(CNN) – The investigation of the murder of 14-year-old Emmett Till, barbarous even in an era in which blacks in the South were subjected to untold viciousness, has been reopened based on "new information," according to a US Justice Department report to Congress.
The 1955 slaying was listed in a March report among "activities" the department was pursuing under the 2007 unsolved civil rights crime act that bears Emmett's name. The act paves the way for the department to "expeditiously investigate" unsolved pre-1980 civil rights murders.
"Several interested parties" asked the Justice Department in 2004 whether any surviving suspects could be prosecuted. After reviewing available information, the department determined that the statute of limitations prevented any federal prosecution, according to the report. Three years later, a Mississippi grand jury declined to issue new charges.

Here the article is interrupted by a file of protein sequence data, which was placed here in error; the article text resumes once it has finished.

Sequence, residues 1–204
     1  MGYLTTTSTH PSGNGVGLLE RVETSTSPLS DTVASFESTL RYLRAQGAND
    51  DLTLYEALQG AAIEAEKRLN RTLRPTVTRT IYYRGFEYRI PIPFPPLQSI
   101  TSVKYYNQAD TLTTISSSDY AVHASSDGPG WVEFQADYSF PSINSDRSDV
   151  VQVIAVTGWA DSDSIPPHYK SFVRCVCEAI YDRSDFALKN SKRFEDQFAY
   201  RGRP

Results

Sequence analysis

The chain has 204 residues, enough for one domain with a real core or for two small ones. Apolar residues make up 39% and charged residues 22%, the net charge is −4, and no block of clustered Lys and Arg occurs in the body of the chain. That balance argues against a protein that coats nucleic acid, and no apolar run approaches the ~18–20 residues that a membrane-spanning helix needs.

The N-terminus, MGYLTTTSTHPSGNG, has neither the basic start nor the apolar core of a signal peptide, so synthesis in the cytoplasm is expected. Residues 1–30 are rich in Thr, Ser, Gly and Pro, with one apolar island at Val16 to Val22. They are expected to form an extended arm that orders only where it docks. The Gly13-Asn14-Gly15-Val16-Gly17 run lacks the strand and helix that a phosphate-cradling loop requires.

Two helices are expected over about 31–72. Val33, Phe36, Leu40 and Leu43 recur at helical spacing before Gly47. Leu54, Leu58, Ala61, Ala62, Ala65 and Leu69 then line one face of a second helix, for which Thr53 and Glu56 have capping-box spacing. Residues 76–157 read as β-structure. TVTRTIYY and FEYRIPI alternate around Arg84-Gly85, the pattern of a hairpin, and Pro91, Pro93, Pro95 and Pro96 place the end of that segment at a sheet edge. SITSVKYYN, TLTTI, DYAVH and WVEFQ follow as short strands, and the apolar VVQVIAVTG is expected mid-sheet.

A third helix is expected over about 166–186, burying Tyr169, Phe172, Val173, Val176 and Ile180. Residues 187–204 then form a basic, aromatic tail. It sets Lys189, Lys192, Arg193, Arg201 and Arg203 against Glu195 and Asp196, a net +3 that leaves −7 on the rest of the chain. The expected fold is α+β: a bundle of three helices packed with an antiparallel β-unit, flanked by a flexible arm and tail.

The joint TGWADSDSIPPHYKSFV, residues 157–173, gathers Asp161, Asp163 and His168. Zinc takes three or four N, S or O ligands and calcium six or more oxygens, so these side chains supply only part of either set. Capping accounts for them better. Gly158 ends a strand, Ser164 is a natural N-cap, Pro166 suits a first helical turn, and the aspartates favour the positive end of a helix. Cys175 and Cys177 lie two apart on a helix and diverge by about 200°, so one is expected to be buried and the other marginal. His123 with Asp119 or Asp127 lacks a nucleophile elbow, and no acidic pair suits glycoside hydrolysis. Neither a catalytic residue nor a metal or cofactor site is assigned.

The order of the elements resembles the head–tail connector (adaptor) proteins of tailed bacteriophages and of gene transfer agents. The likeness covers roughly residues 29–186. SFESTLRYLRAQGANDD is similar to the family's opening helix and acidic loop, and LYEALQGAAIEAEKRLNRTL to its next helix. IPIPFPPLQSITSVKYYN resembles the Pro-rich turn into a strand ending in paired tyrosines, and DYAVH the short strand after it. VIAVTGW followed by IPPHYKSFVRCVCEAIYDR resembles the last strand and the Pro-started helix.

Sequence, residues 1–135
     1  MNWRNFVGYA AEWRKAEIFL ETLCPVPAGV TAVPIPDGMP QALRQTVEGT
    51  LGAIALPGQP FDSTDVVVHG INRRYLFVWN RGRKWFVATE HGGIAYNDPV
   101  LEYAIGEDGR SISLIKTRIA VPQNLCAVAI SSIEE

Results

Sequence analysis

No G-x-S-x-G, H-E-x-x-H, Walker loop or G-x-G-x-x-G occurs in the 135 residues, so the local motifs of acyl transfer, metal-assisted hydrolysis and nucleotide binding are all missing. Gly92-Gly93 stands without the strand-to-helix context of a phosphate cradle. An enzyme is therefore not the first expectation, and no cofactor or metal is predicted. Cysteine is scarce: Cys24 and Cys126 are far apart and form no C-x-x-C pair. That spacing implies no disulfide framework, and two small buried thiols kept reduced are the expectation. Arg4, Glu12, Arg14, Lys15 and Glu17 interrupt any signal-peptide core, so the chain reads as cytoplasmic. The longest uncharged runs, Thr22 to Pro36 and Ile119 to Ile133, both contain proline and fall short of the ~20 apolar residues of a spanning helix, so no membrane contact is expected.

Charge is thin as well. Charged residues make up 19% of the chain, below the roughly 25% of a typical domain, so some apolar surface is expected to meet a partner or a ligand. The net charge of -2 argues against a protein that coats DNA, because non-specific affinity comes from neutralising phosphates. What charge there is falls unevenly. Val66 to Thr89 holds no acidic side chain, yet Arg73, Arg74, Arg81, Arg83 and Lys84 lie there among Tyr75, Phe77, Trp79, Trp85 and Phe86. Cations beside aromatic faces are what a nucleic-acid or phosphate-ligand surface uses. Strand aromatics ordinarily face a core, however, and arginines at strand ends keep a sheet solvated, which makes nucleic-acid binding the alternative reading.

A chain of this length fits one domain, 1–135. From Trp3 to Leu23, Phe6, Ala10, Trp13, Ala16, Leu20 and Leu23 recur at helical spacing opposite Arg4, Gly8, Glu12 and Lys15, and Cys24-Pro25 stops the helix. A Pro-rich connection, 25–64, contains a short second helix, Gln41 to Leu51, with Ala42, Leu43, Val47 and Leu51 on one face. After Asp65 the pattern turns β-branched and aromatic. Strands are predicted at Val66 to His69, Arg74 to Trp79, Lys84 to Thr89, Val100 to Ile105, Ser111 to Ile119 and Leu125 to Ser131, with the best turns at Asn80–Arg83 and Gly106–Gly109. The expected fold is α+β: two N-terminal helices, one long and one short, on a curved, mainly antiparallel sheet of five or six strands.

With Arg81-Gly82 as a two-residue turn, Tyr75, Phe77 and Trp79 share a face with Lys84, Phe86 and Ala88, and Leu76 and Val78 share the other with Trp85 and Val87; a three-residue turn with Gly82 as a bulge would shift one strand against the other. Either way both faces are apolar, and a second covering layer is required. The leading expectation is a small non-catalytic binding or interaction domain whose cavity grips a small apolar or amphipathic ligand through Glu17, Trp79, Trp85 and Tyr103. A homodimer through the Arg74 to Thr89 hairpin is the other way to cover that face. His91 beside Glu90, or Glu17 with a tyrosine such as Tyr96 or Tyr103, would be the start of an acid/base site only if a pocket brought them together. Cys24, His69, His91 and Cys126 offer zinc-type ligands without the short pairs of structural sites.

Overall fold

"The Till case has been reopened by DOJ based upon the discovery of new information," the department said in March. It did not elaborate. The department declined to comment on the matter.
Emmett's death remains a symbol of "enduring American injustice" to this day, said Duke University scholar Timothy Tyson, author of "The Blood of Emmett Till." The book included the bombshell admission from Carolyn Bryant -- by then, Carolyn Bryant Donham -- that she made up the damning allegations of Emmett's verbal and physical advances.
Tyson surmised that the newly discovered evidence cited by DOJ could be her admission. But it was hardly new, he said. He handed over records of the interview as well as other research for his book to the FBI in 2017, after his book published.
Even so, her admission "wasn't the morning news to me," Tyson said. "I think everybody's known that since 1955. Nobody thought she was telling the truth to begin with and they didn't choose to prosecute her then."